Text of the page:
Gather the family.  Have fun—have refreshments.  Talk about things you all enjoy.  Notice and comment on the “good things” that go on.  Invite each family member to compliment or appreciate someone else.  Then present your concern.  Be conscious and thoughtful about it.  Leave out blame and old history.  Describe your feelings.  Listen to each family member and validate their experiences—do not take sides or agree with them—just listen. You will learn a lot about them from listening attentively.  You may even hear them say, “We just do it to get you upset!”  When everyone has shared their experience and their feelings about your concern, create a scenario, based on a recent conflict they have had.  Invite them to act it out in a role play.  The older one may gaff at this.  If so, involve the younger son, or the adults can do the role play.  Then invite them to brainstorm possible alternative ways for them to interact with each other and with their friends.  Write down every suggestion they make, especially the outlandish ones that are sure to come up, like, “Send him to a military school!”  This will help them learn to trust this process and to be willing to use it to meet the needs of your family.  HAVE FUN!  Laugh together at things they say.  Your mood and tone will set the tone and keep the mood you want.

Review the suggestions and select one that they are willing to try for a week.  When they agree (if they don’t agree, it is NOT the solution) on a solution, role play the scenario, this time using the agreed upon solution.  Sometimes it is fun to have them trade roles and replay.  Listen to them talk some more about how they think this might work for them and for their friends.  Tell them that you’ll check in with them next week at the family meeting. Encourage them in their efforts and serve them more cookies. You can never have too many cookies!

Family meetings are an excellent way to teach children more effective ways to get along.  They have probably already heard all of our comments like, “Stop treating your brother like that!” And, “Your friends will not like you if you treat them that way.” And, “You boys are driving me crazy.”  These kinds of things aren’t really helping us or them to really address the problem and find peaceable solutions to it.  What you really want is for them to love each other and treat each other like they do.  At 11 and 12 years of age, they will be less willing to talk about such sappy things as they will be to tackle a problem and try to make things better.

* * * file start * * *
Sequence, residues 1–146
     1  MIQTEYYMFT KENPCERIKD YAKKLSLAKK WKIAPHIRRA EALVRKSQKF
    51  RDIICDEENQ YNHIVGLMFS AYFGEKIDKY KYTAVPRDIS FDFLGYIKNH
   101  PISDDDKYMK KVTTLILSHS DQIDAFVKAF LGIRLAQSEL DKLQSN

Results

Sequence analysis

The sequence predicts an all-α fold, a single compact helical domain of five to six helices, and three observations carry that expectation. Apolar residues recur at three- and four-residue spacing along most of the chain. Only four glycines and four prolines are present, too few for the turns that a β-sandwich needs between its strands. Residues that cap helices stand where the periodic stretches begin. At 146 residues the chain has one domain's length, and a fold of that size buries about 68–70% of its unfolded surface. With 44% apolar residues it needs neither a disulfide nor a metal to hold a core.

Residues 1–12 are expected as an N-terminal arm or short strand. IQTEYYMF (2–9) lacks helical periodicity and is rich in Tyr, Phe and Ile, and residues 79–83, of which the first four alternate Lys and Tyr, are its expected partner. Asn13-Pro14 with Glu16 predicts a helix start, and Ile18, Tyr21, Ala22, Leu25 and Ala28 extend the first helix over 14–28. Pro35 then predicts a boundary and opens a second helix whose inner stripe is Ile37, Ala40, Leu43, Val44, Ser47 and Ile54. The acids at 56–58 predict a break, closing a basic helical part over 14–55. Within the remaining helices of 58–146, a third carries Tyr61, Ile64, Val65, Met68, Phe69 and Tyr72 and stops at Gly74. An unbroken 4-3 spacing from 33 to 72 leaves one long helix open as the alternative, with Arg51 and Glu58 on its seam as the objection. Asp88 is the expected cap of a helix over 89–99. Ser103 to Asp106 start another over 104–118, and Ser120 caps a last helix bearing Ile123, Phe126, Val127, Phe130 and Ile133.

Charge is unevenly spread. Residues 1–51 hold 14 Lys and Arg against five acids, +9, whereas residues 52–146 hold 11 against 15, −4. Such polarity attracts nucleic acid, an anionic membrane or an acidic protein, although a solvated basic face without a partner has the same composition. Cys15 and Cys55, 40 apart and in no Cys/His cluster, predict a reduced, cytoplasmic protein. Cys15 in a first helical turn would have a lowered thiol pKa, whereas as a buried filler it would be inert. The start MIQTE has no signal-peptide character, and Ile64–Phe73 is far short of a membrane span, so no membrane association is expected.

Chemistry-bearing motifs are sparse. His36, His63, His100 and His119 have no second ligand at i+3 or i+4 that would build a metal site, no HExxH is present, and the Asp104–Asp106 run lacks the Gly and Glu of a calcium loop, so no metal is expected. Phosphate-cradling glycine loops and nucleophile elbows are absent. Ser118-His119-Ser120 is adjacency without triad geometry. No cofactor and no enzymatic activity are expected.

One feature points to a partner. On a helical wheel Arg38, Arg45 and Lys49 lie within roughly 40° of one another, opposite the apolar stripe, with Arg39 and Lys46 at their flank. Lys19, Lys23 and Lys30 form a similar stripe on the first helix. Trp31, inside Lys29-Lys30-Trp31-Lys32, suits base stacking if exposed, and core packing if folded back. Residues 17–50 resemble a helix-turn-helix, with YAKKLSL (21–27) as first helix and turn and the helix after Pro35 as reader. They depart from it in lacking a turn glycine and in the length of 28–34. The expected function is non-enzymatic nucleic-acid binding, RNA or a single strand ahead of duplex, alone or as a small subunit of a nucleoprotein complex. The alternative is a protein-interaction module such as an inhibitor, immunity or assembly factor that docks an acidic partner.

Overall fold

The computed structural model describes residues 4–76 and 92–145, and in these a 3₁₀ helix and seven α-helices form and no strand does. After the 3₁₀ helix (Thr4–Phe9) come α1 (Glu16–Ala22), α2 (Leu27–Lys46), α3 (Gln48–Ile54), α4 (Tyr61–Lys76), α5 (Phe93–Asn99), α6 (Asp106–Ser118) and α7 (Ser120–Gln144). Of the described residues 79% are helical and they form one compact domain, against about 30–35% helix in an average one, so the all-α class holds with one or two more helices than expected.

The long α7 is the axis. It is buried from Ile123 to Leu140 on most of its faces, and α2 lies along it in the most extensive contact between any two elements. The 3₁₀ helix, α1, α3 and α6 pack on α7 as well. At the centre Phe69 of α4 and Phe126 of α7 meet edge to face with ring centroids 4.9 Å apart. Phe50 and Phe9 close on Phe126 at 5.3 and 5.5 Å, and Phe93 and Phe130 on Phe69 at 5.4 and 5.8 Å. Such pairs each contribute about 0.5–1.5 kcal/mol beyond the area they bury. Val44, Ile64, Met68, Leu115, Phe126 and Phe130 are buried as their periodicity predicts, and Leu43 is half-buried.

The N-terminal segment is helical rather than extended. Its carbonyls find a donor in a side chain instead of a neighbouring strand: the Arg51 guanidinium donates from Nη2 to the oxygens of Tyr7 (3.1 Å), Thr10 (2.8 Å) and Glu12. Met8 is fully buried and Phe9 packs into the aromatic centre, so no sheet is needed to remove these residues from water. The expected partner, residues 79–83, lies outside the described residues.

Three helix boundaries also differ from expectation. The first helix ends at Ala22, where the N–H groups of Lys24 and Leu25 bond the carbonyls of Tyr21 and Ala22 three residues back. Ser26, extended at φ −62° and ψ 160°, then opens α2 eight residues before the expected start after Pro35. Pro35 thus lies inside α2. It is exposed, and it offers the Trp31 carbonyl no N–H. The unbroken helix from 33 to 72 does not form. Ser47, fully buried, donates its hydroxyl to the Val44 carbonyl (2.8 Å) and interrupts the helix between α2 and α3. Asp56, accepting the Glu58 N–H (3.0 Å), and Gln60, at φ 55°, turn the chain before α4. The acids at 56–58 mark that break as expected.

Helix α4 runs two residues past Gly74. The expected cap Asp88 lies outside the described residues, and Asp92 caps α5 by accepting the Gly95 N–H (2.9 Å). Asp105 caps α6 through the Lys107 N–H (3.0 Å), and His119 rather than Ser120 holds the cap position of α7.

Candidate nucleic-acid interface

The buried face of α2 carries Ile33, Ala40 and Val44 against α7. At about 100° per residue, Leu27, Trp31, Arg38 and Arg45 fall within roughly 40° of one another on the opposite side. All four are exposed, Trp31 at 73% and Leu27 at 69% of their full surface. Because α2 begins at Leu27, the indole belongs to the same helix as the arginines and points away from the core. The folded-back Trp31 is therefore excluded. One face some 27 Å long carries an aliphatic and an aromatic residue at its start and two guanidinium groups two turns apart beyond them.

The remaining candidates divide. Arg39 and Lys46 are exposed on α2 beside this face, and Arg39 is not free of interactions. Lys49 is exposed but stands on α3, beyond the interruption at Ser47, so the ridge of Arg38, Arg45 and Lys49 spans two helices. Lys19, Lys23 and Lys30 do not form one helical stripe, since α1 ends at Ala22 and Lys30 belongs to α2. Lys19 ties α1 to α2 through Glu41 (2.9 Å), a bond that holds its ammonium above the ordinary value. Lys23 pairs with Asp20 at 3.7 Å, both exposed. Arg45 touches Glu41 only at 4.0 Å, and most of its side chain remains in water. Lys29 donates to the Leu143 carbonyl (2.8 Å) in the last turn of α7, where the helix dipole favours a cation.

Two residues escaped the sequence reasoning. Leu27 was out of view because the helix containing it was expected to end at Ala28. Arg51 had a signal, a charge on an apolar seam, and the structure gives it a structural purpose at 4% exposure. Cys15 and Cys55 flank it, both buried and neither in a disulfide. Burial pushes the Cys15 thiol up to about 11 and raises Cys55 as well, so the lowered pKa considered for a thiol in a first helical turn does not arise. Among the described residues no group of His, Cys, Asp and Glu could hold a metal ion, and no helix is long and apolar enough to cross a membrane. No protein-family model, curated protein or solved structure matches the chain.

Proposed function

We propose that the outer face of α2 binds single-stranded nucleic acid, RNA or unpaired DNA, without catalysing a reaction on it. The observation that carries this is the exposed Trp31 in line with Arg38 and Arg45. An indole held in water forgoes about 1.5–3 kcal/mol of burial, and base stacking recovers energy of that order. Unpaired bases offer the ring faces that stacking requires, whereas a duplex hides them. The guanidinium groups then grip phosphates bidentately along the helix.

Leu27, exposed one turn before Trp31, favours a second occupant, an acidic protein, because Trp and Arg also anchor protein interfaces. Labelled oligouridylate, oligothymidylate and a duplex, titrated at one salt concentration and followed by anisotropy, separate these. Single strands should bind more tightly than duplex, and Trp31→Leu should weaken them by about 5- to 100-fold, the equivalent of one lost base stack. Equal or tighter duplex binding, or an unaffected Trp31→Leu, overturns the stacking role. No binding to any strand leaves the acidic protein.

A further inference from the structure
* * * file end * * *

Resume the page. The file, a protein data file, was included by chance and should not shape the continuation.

Lisa, I discovered Positive Discipline when my kids were in their teen age years and it changed my entire way of thinking.  I really think that if you read the book and try to implement some of the principles and ideas in it, you will begin to make a change and when you make a change, then your boys will make a change as well.

Finally, don’t give up.  Adolescence can be a very trying and challenging time!  I used to say, “It only gets worse!”  But now I can tell you with confidence that, “This too shall pass.”  Adolescent boys are—or seem to be—out of control.  They have so much energy and passion.  They can learn to channel it into good and productive things, and they will. Learn to have fun with this stage of development and to notice the strengths in each of your boys.  As they grow, there will be fewer and fewer times when you can use your power to “make them” do things.  You will be glad that you discovered another tool for your parenting bag of tricks.  Negotiate with them and they will become more cooperative.  Focus on their strengths and know that we were all there once!

I feel like we are kindred spirits. Good luck to you.  

Laurie


© Positive Discipline Association
Powered by Wild Apricot Membership Software